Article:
The hottest growth sectors overall were Internet Media Cos./Web Portals, which grew by 6.5% and Cable TV, which grew by 5.2%. Read the full report here.
ABCNews: Gibbs Prepares for His Starring Role
Media Bullseye: Do Startups Need Professional PR Help?
Music, fashion, fragrance, and booze mogul Sean “Diddy” Combs wants to help the city of New York with a contribution of $1 million dollars in exchange for changing the New Year’s ball from white to blue to promote his Ciroc vodka brand.
In the above unscripted “long ass blog” message to Mayor Michael Bloomberg from his kitchen, Diddy also wants you to look out for his street teams who will be handing out $15 debit cards to help you get home safely after the drop.
This is one of the many Diddy-stunts put forth since the Trump of hip-hop took over brand management duties for Ciroc in the Fall of 2007 in exchange for a 50/50 profit split.
Politico reports that Burson-Marsteller and Penn, Schoen, Berland & Associates, the market research consultancy of B-M CEO Mark Penn, has resigned the account of a two year client, the Pakistan People’s Party, which is the ruling party of Pakistan.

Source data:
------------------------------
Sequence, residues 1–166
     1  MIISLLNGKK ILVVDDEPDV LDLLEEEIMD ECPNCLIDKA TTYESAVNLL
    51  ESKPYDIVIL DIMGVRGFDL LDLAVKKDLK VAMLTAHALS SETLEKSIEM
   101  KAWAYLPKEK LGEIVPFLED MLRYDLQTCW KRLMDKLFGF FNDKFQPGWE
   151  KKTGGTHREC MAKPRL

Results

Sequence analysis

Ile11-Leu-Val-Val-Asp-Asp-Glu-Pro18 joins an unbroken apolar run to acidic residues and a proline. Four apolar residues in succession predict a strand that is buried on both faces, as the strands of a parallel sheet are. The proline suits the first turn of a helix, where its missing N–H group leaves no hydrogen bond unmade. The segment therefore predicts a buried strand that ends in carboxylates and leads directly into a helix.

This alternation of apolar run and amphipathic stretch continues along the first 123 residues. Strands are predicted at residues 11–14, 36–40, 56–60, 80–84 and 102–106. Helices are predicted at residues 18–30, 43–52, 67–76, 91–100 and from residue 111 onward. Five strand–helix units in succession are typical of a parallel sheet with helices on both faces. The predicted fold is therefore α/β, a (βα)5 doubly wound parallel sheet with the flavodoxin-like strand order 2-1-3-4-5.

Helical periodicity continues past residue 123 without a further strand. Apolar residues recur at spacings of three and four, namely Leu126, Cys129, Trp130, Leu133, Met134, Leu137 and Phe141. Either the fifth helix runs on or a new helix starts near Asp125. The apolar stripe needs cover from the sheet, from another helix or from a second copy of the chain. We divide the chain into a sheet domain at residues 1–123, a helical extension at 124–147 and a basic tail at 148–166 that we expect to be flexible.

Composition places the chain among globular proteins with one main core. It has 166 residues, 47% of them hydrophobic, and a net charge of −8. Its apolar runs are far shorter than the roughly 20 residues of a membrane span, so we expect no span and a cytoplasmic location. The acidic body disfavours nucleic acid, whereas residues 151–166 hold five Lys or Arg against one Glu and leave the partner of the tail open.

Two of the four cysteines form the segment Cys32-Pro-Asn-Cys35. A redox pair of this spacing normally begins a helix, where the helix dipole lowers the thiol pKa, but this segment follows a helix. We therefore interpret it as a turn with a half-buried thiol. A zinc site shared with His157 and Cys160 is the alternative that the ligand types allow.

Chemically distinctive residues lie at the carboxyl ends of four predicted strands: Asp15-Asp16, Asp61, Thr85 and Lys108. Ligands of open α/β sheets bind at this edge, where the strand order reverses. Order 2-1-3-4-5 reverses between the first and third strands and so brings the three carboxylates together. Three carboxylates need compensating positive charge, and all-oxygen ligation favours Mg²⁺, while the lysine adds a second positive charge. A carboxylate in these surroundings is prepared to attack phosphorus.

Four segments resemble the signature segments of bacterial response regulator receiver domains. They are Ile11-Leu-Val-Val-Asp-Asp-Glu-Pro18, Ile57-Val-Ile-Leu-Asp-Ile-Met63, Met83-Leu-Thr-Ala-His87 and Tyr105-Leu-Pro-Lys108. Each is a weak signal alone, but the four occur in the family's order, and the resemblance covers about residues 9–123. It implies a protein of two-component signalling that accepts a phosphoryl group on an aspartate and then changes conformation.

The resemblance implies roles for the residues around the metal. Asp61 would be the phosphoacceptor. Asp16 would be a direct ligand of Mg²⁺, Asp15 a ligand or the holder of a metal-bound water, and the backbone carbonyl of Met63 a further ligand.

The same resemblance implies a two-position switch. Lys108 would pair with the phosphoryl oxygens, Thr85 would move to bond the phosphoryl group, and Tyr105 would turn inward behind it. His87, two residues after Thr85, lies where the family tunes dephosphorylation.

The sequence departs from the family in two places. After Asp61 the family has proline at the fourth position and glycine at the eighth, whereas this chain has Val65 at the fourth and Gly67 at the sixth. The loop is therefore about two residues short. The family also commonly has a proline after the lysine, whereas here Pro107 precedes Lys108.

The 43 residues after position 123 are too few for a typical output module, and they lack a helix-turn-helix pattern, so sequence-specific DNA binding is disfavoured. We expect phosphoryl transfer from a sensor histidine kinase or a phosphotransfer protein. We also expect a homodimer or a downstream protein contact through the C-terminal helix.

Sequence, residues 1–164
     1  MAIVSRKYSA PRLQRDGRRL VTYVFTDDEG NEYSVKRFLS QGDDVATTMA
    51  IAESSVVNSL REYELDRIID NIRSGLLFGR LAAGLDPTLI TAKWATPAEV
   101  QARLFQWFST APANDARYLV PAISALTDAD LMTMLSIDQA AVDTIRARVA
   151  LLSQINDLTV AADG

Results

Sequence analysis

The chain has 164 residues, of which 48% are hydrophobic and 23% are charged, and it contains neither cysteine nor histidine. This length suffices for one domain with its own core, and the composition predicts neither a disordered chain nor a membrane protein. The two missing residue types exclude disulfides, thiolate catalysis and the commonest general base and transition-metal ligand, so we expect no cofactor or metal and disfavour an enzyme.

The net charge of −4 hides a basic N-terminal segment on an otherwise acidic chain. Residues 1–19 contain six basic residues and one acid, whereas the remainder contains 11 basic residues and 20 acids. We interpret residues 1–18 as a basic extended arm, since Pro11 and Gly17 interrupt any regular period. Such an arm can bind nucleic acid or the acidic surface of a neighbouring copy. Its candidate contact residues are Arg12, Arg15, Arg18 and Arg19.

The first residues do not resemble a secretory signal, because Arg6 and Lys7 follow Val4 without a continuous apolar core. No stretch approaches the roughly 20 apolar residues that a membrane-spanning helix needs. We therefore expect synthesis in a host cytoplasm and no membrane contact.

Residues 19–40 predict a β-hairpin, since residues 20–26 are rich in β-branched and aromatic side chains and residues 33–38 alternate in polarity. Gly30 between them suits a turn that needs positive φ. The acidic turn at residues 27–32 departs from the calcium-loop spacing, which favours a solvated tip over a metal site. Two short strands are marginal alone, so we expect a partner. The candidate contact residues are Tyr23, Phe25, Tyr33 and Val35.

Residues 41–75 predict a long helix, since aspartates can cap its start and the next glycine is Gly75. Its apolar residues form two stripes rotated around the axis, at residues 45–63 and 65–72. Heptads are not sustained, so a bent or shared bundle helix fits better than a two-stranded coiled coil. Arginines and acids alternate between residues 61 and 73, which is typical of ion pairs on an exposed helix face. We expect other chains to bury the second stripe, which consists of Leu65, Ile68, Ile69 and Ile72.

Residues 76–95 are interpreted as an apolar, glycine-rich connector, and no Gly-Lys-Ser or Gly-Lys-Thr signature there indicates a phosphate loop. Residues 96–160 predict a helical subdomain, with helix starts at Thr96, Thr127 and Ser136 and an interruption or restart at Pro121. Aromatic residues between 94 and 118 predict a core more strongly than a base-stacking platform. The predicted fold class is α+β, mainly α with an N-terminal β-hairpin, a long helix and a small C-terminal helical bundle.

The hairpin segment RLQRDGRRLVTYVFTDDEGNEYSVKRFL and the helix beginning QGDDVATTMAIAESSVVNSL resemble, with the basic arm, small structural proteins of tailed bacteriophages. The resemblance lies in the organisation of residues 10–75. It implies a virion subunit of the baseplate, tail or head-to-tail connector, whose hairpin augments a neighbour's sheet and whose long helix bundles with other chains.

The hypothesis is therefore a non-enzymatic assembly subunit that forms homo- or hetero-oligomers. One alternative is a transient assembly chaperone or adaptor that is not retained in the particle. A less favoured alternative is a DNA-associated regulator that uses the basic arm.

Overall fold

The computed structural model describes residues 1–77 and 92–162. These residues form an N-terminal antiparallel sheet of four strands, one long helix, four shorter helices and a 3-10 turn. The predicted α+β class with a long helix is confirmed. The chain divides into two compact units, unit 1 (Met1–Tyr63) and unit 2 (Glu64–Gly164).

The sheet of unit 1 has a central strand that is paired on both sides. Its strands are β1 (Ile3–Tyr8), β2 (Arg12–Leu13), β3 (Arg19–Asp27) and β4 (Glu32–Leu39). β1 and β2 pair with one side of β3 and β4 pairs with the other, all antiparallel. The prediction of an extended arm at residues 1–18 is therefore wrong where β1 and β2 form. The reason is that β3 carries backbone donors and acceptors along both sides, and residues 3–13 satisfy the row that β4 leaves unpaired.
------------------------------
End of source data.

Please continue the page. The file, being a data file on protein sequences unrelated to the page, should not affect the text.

Writes Eamon Javers, “the details of the Pakistan contract provide a rare and revealing look at the techniques Penn’s firm promised a foreign government to use to legally influence American public opinion and official policy.”
Techniques outlined by Javors, according to contract terms with the Department of Justice’s Foreign Agent Registration Office, include Burson plans to interview, “100 American political journalists and business elites in Washington, DC and New York, as well as elites in the United Kingdom, the European Union and Pakistani expatriates living in the United States.”
Additional techniques included “‘an internal brainstorming session,’” authoring ‘white papers’ by experts and academics, and drafting and seeking placement of op-ed pieces in newspapers. ‘Burson-Marsteller will work with the [Pakistan People's Party] to draft and seek placement of op-ed pieces on the issue and will identify appropriate ‘authors,’ depending on tone and subject…’”
Also, Burson “promised it would promote credible ‘third-party’ supporters of Pakistan, recruiting such backers from the ranks of ‘former U.S. government officials involved with Pakistan during their tenure;’ ‘Academics and think tank experts;’ and ‘Pakistani Americans in influential positions.’”
Javors hints that the account resignation was planned to coincide with Senator Hillary Clinton’s Secretary of State confirmation hearings. Read the full report here.
PRNewser was going to send holiday cards to our readers, but we had to burn them in a trashcan to keep warm. This is the stuff of Depressing Times, the darkly funny cards made by the Order of St. Nick:
Since being called “un-American by Stephen Colbert, the card company has hired Adam Kluger PR to get the sad, busted word out. Good luck Adam! On a related note, check out some of the cheeky holiday cards PR firms sent to the LA Times.